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What’s everyone’s favorite topic?
I don’t mean that in an egotistical or narcissistic way, but it’s the truth and here’s why…
When you’re searching for something—whether Googling for a product or service or scavenging at a retailer—what is your ultimate request? What do you request, or ask? It’s probably something along the lines of: “I want/need (blank),” or, “Will (blank) do what I want?”
If you don’t find what you need quickly, you simply return to Google or post your question on Facebook. You’re not going to dig around on some company’s website in hopes of finding what you’re looking for. If the information you need is buried, and you don’t find it immediately, you’ll try your search again. After all, why would you waste your time clicking through a site that doesn’t appear to have what you need? At the end of the day, you don’t care about what a company can do—their “features and benefits” don’t matter if they can’t give you what you want. You care about what a company can do for YOU.
So why do so many websites ignore this concept? Why are so many sites written like an online brochure or a Yellow Pages listing? (Who looks through a phone book these days?) Why do so many sites ignore…YOU?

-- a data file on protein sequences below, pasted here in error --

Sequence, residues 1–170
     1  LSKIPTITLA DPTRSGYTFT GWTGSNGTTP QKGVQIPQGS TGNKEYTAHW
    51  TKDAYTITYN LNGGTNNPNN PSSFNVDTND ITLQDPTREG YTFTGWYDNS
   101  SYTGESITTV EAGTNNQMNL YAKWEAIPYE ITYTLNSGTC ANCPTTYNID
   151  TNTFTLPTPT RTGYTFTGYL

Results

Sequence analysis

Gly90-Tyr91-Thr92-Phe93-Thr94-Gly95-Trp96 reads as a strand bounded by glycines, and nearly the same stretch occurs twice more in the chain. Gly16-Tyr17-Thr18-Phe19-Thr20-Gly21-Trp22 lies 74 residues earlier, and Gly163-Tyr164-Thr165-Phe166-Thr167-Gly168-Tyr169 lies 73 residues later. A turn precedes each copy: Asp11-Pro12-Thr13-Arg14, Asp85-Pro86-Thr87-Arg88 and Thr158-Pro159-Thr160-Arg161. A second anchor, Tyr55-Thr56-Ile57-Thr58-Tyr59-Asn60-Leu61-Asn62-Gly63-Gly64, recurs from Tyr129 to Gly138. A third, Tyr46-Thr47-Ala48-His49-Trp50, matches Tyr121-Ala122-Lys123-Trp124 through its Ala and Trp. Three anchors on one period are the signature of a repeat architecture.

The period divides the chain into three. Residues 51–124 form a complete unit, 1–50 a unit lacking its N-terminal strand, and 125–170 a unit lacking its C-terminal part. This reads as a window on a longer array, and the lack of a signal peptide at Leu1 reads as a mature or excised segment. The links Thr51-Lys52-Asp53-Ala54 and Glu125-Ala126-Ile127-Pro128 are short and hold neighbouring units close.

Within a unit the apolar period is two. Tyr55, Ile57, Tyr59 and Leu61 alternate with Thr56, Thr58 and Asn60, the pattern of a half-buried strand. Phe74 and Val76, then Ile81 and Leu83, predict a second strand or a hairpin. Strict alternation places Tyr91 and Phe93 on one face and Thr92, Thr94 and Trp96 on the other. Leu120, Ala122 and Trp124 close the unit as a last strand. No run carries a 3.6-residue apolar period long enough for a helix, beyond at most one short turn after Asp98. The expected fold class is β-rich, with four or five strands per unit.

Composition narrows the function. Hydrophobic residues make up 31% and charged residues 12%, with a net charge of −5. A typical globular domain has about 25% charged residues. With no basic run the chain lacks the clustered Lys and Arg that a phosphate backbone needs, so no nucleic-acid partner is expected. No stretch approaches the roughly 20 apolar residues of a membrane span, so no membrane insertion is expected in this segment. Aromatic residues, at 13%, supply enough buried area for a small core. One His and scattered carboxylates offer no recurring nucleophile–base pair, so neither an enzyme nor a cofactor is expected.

Let’s rewind to 1994. Back then, in order to get online you had to listen to your modem make love to AOL. It sounded something like this: <beep-boop-bop-bip-eeee-squeeee-brrrr-grrrrrrrrrr…You’ve Got Mail!>. Now, consider your website content. Is it 1994? Does your site have headlines like, “Welcome to the Acme Company web site,,” or messages like, “We deliver top-notch customer service”? If you can answer yes, then it’s time to focus on what people really want to read about: How your products and services will work for THEM.
Think about your own Google searches. How many sites do you land on that make claims like this: “Acme Company is your single source provider for complex web and technology solutions.”? Do you bother to spend time on the website, or do you move on to the next search option?
These examples ignore what YOU want or need. Happy talk (“Welcome to…”) and corporate speak (“single source, solutions, blah blah blah”) are worthless because they don’t tell your visitors what’s important to them.
Compelling, original content that truly speaks to your audience will prevent them from moving on. And that’s the goal of your site: To attract people and keep them there so they will convert into buyers.
So, put yourself in your audience’s shoes. If you didn’t know anything about your company, and you were looking for the product or service your company offers, what would you want to know?